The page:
When not working or writing or researching, Buzz is a single mom with 2 young children living in North Carolina. She enjoys mindlessly watching television, spending time with friends and family, reading, eating and sleeping.

Read more of her writings, connect and contact her through her blog’s website: The Buzz on HR (www.thebuzzonhr.com)


Leave a comment

Meet the #LASHRM12 Speakers – Jennifer Ledet

I was chatting with a client recently, and she said, “Well, you know, we’re really in the relationship business.” As I noodled that concept, my first thought was, “Well show me an organization that’s not in the relationship business.”

The client happened to be an international non-profit organization and one could clearly make the connection that relationships play a vital role in their “business”. The next day, as I spoke to a group of bankers, I thought, “well these guys and gals are surely in the relationship business!” My clients in the healthcare, insurance, engineering, manufacturing, and technology industries are all in the relationship business.

Let’s face it. We’re all in the relationship business, regardless of the industry or product or service we provide. We all know that people do business with people they:

  • Know
  • Like, and
  • Trust

Team members are loyal, committed and engaged when their leader is someone they know, like, and trust.

Relationships — building, nurturing, and maintaining them — are at the core of your business. Without customers, you would have no reason for being. Without employees you would likely not be able to provide the goods or services to your customers – or at least not in a timely fashion.

How’s Ya Mama ‘n’ ‘Em? No, I haven’t taken leave of my grammatical senses. This is a very common expression here in South Louisiana.

It is our way of asking how a person is doing, how their family is doing, and what’s going on in their lives outside of work. And it’s a huge part of our culture. I think it’s a practice that, if you implement it in your interactions with others, could just possibly change your work culture too.

Taking a few minutes to engage someone in a conversation about themselves is a great way to invest in the relationship. Most people like to talk about themselves and are flattered that you’re interested enough to ask. The key, though, is that your interest must be sincere and genuine — not like your interactions with your “pseudo friends” on Facebook, (or as my friend James calls it, “Spacebook”).

Theodore Roosevelt said, “People don’t care how much you know until they know how much you care.” This holds true for your team members as well as your customers. In fact, in many ways, you should treat your employees as you would a valued customer. And yes, it does take some effort and a little bit of time. But, consider it a deposit in your relationship account, and always strive to make more deposits than you do withdrawals in that account.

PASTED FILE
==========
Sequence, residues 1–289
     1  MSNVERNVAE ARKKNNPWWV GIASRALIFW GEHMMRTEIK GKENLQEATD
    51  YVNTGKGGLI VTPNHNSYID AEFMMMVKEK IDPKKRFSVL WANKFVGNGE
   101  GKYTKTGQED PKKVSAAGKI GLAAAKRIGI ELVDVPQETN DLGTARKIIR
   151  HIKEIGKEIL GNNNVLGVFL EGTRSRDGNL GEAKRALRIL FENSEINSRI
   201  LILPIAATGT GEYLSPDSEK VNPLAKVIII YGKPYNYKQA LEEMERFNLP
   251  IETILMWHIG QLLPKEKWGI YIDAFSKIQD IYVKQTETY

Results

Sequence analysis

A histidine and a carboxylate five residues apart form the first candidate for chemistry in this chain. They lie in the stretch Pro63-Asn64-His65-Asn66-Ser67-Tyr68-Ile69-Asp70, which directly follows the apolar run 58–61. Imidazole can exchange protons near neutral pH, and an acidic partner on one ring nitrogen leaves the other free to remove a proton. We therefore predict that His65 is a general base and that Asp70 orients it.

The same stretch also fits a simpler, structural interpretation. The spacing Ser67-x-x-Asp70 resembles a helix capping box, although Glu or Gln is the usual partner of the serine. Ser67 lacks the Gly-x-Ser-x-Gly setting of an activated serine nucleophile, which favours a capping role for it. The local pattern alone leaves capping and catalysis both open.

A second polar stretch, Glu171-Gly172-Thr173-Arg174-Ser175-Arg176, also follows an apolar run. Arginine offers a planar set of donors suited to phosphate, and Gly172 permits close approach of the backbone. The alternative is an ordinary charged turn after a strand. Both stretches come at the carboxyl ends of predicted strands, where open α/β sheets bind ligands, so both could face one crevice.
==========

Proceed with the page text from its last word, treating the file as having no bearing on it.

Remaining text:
This ability to take an interest in others may not come naturally for everyone. And that’s okay, because it’s a skill you can learn. I had a client once who was an introvert and who needed coaching in this area. He was so analytical, that he wanted a specific formula for creating great relationships. I remember he even asked me how many minutes he would need to engage in conversation with team members. (I could picture him setting an egg timer on the desk to time the conversation precisely!)

There is no magic formula for creating great relationships. Here are just a few quick tips:

  • Ask questions about his family. (You can start with “How’s Ya Mama ‘n’ ‘Em?”)
  • Notice what she talks about — hobbies, interests, etc. and ask about them. (Ex: “How long have you been competing in underwater basket weaving?”)
  • Make a mental note of, say, his weekend plans so that on Monday you can ask how it went. (Ex: “How was the fishing trip? Did ya’ll catch? I must’ve missed your call inviting me to supper.”)
  • It’s also okay to engage in brief group conversations after a big weekend or event. (Ex: “How ’bout dem Saints?”)

Your ability to influence team members to perform and produce will hinge directly on the relationship that you have created with them. Taking an interest in them, their family, and life outside of work is a small investment to make with potentially huge returns.

What? You say you can’t afford to take the time to engage in conversation with your employees or customers? I say you can’t afford not to. Your business success depends on it.

By the way, “How’s ya Mama ‘n’ em?”

**********

Today’s guest post comes from Jennifer Ledet, SPHR, who is the owner of Ledet Management Consulting in Thibodaux.  Check out Jennifer here, follow her on Twitter, and join her at the Friday  session Leadership… Cajun Style! The GUMBO Recipe for Success.